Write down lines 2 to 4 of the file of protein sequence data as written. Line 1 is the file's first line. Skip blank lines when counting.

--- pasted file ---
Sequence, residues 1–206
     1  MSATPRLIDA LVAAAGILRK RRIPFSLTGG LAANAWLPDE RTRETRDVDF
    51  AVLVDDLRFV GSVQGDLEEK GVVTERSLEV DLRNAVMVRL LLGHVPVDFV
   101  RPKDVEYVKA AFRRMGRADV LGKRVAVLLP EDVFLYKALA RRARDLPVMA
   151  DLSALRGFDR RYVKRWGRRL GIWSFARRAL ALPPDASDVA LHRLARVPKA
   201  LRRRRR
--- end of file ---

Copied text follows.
     1  MSATPRLIDA LVAAAGILRK RRIPFSLTGG LAANAWLPDE RTRETRDVDF
    51  AVLVDDLRFV GSVQGDLEEK GVVTERSLEV DLRNAVMVRL LLGHVPVDFV
   101  RPKDVEYVKA AFRRMGRADV LGKRVAVLLP EDVFLYKALA RRARDLPVMA